When will we decide that the way we have been fighting obesity isn’t working?
The New York Times reported today that health officials are surprised and disheartened that the news about obesity is still so grim. About 38% of American adults were obese in 2013 and 2014. That’s up from 35% in 2011 and 2012. Read the NYT article.
Sugar consumption is down. Soda consumption is down. Calorie consumption is down. And yet, obesity is up.
Nutrition education doesn’t impact habits as much as health officials hope.
Nutrition education is predicated on the belief that “you do better when you know better.” As much as I like that philosophy, it just isn’t true when it comes to eating. Indeed, the more we push healthy eating, the more we medicalize the meal. Everyone knows that medicine can make you better, but nobody actually enjoys “eating” it.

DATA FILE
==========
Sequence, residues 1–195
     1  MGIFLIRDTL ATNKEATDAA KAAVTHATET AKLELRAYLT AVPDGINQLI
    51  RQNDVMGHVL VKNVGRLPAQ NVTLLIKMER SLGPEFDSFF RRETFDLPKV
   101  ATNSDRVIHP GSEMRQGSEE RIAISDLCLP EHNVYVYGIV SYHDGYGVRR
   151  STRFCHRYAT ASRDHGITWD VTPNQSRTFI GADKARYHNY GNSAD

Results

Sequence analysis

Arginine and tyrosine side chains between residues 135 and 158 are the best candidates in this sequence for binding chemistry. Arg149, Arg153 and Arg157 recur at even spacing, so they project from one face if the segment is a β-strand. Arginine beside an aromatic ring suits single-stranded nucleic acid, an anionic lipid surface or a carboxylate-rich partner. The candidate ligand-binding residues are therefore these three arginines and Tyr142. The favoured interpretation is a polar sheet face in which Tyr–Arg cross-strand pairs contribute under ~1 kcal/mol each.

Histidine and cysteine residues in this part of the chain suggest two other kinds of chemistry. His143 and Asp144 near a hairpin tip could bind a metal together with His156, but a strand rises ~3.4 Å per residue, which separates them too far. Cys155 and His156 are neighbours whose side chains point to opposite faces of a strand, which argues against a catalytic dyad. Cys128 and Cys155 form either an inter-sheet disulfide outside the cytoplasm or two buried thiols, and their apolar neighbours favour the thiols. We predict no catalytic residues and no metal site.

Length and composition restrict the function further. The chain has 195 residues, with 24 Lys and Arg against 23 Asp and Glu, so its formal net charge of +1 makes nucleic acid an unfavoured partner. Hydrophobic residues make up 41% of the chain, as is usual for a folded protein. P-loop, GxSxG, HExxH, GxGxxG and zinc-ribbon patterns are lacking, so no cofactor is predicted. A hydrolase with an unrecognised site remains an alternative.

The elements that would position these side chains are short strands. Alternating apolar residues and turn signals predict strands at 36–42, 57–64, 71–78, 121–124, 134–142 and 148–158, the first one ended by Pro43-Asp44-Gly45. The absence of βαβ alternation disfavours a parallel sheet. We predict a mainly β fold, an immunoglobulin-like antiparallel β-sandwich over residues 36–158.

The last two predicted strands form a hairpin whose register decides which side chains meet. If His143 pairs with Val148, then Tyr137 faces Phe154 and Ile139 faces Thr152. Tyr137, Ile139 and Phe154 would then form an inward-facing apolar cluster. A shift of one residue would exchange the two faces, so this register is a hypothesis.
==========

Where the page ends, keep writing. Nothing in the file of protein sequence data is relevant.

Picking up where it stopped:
People eat for hedonic reasons. Here’s one study that proves the point.
It’s time to change the conversation from nutrition to habits.
When it comes to nutrition education, we’ve done an excellent public messaging job. Not so when it comes to habits.
The more you know about nutrition, the more you know about food. Habits tell you how to translate nutrition into behavior. And there are only three habits people need to know.
- Proportion: Eat the healthiest foods the most frequently
- Variety: Eat different food from meal-to-meal and from day-to-day
- Moderation: Eat when youo’re hungry, stop when you’re full and don’t eat because you’re bored, sad, or lonely.
Sadly, most people I encounter can name the food groups but they can’t name the healthy eating habits. When we don’t know how we ought to eat, it’s almost impossible to eat the right way.
~Changing the conversation from nutrition to habits.~